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Echelon Masonry teams with Georgia architect to upgrade Hall County sheriff’s new headquarters

Formerly plagued  with broken heating and air systems, as well as the need to turn closets into offices, the new three-story, 50,000 sq. ft. headquarters opened in 2016 at a cost of approximately $5 million. 

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May 15, 2017 |

Serving more than 184,000 citizens and housing nearly 1,200 inmates, the Hall County Sheriff's Office simply ran out of space, requiring a move from the old county jail to a 33-acre Government Center campus within Gainesville, Ga. Formerly plagued  with broken heating and air systems, as well as the need to turn closets into offices, the new three-story, 50,000 sq. ft. headquarters opened in 2016 at a cost of approximately $5 million. 

 “After looking at the renovation of existing space at numerous other locations, the Sheriff’s Office decided the design and build of its own building at the administrative campus was the most practical and economical alternative,” says Doug Straughan, a principal partner at Hussey Gay Bell Principal, the architect of record for the project. “The goal was to design a durable, low-maintenance facility with a contemporary look and feel that blended with the existing complex, but yet stood out. Given it was a municipal project paid through a special purpose sales tax, we were extremely cognizant about meeting these requirements, while maximizing the budget at every turn.”

Hussey Gay Bell began the assignment by creating a look for the Sheriff’s Office that complemented the modern, concrete and glass style of the Government Center, while meeting the county’s stringent budget and creating a one-stop shop of municipal services for citizens. Other considerations involved saving money by utilizing the existing site’s infrastructure and providing the space needed for additional growth.

As a result, the architectural firm worked cohesively with the township to combine savings with quality throughout the process. Once completed, the final price point for the facility hovered around $100 per square foot. Much of the structure’s cubicles and furniture were purchased from surplus stores, while the interior labor, such as painting and framing, were even supplied by daily by inmates.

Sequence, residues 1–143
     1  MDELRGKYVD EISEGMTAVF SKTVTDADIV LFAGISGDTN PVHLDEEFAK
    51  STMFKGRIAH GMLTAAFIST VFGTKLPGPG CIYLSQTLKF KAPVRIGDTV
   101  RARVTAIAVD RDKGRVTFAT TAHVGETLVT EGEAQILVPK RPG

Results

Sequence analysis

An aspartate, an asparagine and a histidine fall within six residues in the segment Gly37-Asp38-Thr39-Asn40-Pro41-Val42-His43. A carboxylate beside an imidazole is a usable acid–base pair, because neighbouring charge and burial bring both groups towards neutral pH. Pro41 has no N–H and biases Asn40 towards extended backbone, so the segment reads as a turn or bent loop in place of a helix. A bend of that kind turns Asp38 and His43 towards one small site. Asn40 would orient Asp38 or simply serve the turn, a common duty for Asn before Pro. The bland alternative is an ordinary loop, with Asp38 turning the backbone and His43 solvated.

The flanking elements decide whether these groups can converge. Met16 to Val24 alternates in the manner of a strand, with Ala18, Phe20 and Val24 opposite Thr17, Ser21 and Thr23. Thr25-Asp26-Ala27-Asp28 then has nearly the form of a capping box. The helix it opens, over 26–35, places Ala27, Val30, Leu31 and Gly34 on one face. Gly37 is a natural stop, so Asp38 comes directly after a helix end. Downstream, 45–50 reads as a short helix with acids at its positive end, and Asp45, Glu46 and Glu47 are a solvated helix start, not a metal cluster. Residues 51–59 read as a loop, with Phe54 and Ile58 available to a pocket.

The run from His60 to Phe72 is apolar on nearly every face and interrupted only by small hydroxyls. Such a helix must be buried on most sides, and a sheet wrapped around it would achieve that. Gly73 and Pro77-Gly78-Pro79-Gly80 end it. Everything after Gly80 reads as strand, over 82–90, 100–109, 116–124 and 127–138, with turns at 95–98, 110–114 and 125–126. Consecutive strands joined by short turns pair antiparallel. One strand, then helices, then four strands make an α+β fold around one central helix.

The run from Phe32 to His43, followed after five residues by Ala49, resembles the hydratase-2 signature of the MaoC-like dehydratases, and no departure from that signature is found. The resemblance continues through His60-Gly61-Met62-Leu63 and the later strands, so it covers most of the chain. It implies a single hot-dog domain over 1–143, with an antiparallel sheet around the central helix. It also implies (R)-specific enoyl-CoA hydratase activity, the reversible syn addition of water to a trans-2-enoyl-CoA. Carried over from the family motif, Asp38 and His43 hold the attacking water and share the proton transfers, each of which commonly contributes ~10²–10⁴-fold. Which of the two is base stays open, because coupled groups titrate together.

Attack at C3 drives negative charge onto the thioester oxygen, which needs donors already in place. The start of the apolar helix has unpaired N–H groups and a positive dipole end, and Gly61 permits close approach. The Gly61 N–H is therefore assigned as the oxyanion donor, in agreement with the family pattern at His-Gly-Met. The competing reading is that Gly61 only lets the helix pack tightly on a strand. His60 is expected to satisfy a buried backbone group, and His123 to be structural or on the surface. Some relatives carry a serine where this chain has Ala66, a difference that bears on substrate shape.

Another essential element was the choice of masonry. Hussey Gay Bell selected Oldcastle Architectural’s Echelon brand of polished-face architectural block, multi-colored split face block and brick veneer.  Echelon Masonry is supplied regionally in Georgia by Adams Company.

“Echelon really helped by coming to the table with a selection of quality, yet economical block options,” said Straughan. “Their representatives worked closely with our clients to present a wide variety of samples and options. This flexibility and creativity allowed us to produce a high-profile, terrazzo-look but at a block-type price. The Echelon team even assisted in the selection of grout colors that matched with the brick and the split face, and worked closely with the contractor.” He noted that the products were easily integrated with a local brick manufacturer’s products.

Having worked with Oldcastle Architectural for nearly five years prior to this project on numerous other municipal buildings including school and public safety offices, Hussey Gay Bell started the process by showing the client masonry samples as well as a rendering of the finished project. This highlighted how the Echelon gray smooth and split face masonry with matching grout and mortar “blended nicely” with the traditional Cherokee brick. Full-sized samples of the Echelon blocks were then showed to the client before installation to ensure approval and “so they could see for themselves how the cool, grey masonry played against the warm, red veneers.”

As for the installation, the Echelon masonry blocks were inserted into a wall system consisting of 6-inch metal studs, gripboard interior and Exterior Gypsum Sheathing.   

With a grand opening in September 2016, The Hall County Sheriff's Office now features a unique, curved wall design in the front along with accent walls on the corners highlighted by two-story glass windows. Seven-thousand pieces of black and gray Echelon Polished Face block were combined with 8,500 pieces of Architectural Colored Split Face and traditional brick to provide a multi-textural, “modern meets rough-hewn” style to the building’s contemporary design.



Infused with recycled glass, the Polished Face Block is made differently than conventional ground face, utilizing a 10-head wet grind process that starts with an 80-grit diamond and works its way to a 3500-grit polishing wheel, giving the final finish a high luster. The Split Face Block is an integrally colored pre-finished block with a rough-hewn texture on one or more faces of the unit. Available in a variety of shapes and colors, the Split Face Block offers up to a four-hour fire rating and is suitable for both interior and exterior use.

After partnering with the architect to select materials, Echelon’s representative, Anne Olausson, worked alongside the contractors, Charles Black Construction, through the end of the project. “I helped to educate the masons on how to care and clean the product,” she said. “This was a very high-profile and important job for Hall County and I wanted to do everything possible to ensure Echelon was there to help see it through. The result is beautiful and we were proud to be a part of the project. As Straughan puts it, “This kind of building is not something you see very often in North Georgia; it’s quite an achievement.” 

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